Suppose an antidote was invented that "cured" something significant in your life. Not a disease like cancer or diabetes, but a trait that is part of who you are, for better or worse—like your body type or a personality defect. If you had the opportunity to change the way you were made, would you take it?
That's the intriguing premise that propels X-Men: The Last Stand, the third installment in the highly successful superhero series that began with 2000's X-Men and continued with X2: X-Men United in 2003. A cure has been developed that can genetically suppress the mutant gene, making them as "normal" as any other human being. The U.S. government gets on board through the facilitation of Dr. Hank McCoy, aka Beast (Kelsey Grammer), the Secretary of Mutant Affairs under the President and a former member of the X-Men, led by Professor Charles Xavier (Patrick Stewart).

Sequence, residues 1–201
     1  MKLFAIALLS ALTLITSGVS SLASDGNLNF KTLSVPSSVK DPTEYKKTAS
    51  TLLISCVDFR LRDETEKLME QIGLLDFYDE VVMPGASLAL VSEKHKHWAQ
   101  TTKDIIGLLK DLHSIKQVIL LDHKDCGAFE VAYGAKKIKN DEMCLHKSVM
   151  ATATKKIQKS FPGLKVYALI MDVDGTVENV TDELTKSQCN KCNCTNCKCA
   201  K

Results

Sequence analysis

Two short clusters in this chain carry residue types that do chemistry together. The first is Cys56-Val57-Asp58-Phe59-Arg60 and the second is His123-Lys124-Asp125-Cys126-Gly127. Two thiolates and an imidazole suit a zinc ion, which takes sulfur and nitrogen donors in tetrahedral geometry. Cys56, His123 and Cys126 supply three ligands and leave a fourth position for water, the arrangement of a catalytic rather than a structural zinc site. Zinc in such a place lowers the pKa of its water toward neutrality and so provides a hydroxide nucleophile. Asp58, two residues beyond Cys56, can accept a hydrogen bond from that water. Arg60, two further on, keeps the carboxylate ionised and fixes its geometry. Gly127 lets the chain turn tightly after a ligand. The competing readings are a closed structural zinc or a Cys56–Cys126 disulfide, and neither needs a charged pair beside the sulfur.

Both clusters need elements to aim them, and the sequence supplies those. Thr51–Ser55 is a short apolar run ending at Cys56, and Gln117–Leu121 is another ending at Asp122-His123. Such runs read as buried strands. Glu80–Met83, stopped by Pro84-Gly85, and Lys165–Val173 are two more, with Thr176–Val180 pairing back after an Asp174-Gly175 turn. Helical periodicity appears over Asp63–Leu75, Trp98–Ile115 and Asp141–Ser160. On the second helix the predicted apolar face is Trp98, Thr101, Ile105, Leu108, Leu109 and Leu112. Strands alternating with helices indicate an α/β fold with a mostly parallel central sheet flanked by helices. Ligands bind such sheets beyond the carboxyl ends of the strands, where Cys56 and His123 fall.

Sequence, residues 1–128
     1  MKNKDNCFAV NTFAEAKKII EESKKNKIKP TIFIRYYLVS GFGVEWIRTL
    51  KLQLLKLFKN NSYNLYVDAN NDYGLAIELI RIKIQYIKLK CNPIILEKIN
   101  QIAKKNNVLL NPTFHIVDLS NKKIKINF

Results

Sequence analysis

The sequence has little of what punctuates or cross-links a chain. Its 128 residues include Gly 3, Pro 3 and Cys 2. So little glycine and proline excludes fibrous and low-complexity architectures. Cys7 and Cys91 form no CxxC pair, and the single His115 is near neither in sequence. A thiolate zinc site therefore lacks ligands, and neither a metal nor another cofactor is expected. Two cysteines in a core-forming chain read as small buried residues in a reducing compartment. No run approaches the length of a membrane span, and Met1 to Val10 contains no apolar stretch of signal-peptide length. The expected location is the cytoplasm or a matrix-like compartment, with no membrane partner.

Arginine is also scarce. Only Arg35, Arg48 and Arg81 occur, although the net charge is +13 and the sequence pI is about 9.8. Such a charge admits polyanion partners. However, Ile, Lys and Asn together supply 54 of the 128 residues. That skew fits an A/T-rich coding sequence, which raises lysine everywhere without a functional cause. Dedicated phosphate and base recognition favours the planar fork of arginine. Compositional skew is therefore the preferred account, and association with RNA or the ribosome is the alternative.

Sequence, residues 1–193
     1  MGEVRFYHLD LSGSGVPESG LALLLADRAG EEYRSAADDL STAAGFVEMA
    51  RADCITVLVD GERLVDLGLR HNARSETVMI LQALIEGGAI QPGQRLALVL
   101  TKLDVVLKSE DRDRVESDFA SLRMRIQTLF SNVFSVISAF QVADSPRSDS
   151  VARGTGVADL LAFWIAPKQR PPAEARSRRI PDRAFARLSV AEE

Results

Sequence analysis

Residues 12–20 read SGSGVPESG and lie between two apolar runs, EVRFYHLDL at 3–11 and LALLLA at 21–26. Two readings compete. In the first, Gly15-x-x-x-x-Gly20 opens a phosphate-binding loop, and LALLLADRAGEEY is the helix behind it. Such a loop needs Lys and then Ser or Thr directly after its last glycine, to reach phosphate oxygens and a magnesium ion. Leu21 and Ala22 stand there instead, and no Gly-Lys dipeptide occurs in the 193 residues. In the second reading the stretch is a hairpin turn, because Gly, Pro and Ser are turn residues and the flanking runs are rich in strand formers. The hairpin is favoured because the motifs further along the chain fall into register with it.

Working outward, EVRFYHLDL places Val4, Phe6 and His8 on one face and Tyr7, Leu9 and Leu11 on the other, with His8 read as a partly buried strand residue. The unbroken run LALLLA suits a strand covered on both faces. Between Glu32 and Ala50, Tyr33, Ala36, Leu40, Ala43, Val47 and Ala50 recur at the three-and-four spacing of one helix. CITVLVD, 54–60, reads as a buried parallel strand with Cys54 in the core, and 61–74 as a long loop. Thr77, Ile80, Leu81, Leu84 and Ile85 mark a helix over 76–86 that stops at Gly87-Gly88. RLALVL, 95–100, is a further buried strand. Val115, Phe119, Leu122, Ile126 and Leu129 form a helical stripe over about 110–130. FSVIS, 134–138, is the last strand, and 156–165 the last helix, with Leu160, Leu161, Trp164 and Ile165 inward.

The cure is met with great skepticism and debate, because after all, not all mutants are created equally. Having the power to heal rapidly (like Wolverine, played by Hugh Jackman) or to control the weather (Halle Berry as Storm) can be handy. Shedding blue fur (Beast) or being unable to touch people without harming them (Rogue, played by Anna Paquin), that's another matter. Hence, the reason the government insists that the cure is voluntary to any mutant willing to take it.
Long-time X-Men rival Magneto (Ian McKellen) sees it differently, insisting that the government is planning a form of ethnic cleansing and that mutants are superior to humans—that they should be proud of who they are, not ashamed. He immediately rallies other like-minded mutants to his cause, forming a Brotherhood intent on eradicating the cure … and, perhaps, mankind with it. ...1